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John McCain apologized last week for failing to oppose the display of the
Confederate flag at the State Capitol in the midst of the South Carolina
Republican primary. Some people have praised McCain for an act of courage
and conscience. I’m not one of them.
McCain’s apology was one more indicator that the time to engage in
racially slanted remarks is when you’re looking for votes. The time to make
apologies for pandering to racists is when you’re not. His apology,
frankly, is disingenuous. He’s simply a man for all seasons. And in this
particular season, he’s not looking for votes.
In certain respects, McCain’s political ploy is both good news and bad
news. It’s good news, in the sense that it tells us that race relations
have improved to the point that they can be treated as part of a political
game. The bad news is that politicians are all too willing to play that game.
The New York Times was quick to praise McCain, while taking the opportunity
to recount the Republican Party’s ignoble record of playing the race card
since 1964 when Senator Barry Goldwater voted against the Civil Rights Act
in an effort to court southern white Democrats alienated by the party’s
outreach to newly enfranchised Black Americans. There is no question that
the Republicans have a poor record in this regard — from the Goldwater
vote right up through George W. Bush’s appearance at Bob Jones University.
But the Times high-handedness notwithstanding, the Democratic Party does
its fair share of race-baiting, too.
The Democrats pander to Black voters during their primary season and then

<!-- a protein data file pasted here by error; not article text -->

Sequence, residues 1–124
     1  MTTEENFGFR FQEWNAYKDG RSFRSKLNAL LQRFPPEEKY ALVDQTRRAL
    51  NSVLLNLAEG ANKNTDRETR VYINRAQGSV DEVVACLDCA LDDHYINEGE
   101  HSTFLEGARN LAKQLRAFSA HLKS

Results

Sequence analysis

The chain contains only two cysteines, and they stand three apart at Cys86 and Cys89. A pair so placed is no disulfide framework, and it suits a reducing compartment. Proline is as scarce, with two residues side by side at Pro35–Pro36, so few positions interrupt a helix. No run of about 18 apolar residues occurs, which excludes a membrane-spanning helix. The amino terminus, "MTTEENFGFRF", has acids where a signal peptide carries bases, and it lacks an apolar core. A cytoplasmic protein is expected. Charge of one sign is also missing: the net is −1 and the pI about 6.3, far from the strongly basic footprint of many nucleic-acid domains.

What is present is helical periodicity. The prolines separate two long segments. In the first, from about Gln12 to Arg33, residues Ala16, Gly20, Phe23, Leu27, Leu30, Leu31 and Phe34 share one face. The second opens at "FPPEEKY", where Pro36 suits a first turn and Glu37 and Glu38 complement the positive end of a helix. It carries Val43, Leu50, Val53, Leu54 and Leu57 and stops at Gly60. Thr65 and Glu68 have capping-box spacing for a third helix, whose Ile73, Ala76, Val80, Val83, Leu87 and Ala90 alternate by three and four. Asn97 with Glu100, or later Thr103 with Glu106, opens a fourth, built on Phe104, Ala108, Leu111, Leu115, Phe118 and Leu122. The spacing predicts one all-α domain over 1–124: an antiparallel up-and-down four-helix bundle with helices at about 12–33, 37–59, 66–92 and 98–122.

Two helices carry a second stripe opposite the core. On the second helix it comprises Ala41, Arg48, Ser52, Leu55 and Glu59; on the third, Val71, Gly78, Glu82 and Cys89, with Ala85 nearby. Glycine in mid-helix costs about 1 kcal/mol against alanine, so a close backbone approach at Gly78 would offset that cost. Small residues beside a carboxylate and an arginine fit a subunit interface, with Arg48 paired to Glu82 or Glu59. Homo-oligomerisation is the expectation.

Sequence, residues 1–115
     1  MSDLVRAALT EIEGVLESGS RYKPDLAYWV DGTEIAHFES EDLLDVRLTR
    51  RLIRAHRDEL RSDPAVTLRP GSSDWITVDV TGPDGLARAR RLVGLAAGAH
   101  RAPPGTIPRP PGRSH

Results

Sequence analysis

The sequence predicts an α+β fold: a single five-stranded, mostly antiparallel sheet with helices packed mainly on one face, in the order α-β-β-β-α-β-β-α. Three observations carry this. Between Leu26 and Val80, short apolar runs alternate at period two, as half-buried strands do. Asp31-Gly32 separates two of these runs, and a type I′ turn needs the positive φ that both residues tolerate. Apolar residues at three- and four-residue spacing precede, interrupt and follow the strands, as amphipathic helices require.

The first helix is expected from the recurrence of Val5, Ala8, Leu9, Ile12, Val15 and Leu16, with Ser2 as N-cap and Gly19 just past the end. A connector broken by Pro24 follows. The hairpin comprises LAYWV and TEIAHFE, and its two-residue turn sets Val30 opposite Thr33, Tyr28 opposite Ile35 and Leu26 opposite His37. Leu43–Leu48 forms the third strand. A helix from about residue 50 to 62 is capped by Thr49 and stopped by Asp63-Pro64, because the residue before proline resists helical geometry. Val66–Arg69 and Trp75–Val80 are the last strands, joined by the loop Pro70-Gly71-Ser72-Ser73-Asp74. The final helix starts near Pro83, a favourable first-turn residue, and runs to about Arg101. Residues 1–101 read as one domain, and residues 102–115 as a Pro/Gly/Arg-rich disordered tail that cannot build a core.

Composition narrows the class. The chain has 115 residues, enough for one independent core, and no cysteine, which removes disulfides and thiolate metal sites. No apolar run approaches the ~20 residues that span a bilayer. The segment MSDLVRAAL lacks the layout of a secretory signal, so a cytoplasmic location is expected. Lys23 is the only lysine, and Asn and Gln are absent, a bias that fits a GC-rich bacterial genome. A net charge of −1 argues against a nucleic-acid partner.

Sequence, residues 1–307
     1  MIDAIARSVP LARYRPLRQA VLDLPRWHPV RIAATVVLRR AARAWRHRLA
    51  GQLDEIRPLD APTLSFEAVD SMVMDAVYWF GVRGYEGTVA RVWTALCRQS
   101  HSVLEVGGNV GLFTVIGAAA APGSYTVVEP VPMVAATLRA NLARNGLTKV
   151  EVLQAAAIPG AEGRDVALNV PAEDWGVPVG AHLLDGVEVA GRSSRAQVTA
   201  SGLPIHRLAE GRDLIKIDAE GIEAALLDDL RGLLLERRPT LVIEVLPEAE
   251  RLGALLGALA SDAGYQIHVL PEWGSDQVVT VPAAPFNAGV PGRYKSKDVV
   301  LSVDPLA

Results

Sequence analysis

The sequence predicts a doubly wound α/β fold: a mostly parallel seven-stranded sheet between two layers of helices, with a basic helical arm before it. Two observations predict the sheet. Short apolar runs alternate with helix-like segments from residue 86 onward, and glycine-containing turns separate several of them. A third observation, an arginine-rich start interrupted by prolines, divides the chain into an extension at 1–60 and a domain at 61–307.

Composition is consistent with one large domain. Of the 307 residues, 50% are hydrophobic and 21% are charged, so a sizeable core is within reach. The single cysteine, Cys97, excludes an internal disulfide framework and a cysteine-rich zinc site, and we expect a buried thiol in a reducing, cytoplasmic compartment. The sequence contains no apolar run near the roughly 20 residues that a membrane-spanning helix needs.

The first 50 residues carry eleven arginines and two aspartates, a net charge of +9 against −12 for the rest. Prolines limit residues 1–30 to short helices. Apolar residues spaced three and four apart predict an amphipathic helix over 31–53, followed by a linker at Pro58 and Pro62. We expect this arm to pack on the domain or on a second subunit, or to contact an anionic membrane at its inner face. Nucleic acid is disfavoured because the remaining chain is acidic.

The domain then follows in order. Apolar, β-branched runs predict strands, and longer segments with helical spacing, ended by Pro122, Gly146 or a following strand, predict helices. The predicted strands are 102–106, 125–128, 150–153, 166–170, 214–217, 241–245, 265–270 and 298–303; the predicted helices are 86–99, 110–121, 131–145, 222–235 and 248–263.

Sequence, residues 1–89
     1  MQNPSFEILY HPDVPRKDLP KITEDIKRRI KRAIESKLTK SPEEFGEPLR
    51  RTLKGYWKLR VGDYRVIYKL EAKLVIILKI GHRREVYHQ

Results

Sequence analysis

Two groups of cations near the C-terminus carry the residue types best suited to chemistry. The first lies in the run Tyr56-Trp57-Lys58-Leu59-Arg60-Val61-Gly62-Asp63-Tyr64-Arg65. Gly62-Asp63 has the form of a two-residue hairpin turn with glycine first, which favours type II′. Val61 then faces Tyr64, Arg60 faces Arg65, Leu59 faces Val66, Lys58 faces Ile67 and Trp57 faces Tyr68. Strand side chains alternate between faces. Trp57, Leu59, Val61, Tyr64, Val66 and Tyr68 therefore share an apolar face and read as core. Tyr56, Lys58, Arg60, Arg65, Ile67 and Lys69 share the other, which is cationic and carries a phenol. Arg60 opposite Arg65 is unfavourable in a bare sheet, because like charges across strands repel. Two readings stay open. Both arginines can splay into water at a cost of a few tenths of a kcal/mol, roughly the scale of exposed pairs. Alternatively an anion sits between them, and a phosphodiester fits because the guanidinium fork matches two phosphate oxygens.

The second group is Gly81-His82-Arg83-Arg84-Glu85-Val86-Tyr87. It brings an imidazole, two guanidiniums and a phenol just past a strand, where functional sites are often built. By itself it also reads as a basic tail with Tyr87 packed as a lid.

spend the general election engaged in calculated acts to prove how they no
longer pander to Black voters. That’s also the season that Black leaders
(almost all Democrats) threaten to go independent because the Democrats are
betraying their commitment to African Americans. Of course, the Black
Democratic leadership never goes independent. They just play the race card
to leverage their own political positions.
Politicians of both parties — from Goldwater to Ronald Reagan — from
George Wallace and Bill Clinton — have all contributed to the recasting of
what has been a major social issue in America for 400 years — racism —
into a manipulative campaign ploy. I have no reason to believe that John
McCain’s apology is a break with that tradition.
I do know this. Racial strife in our country will not be eliminated by
either of the two parties. They each gain too much from its continued
existence. We’re going to need new parties and a new political
consciousness in which leaders lead, rather than say what they feel they
need to say to get votes and in which the voters can hold our leaders
accountable for what they say and do.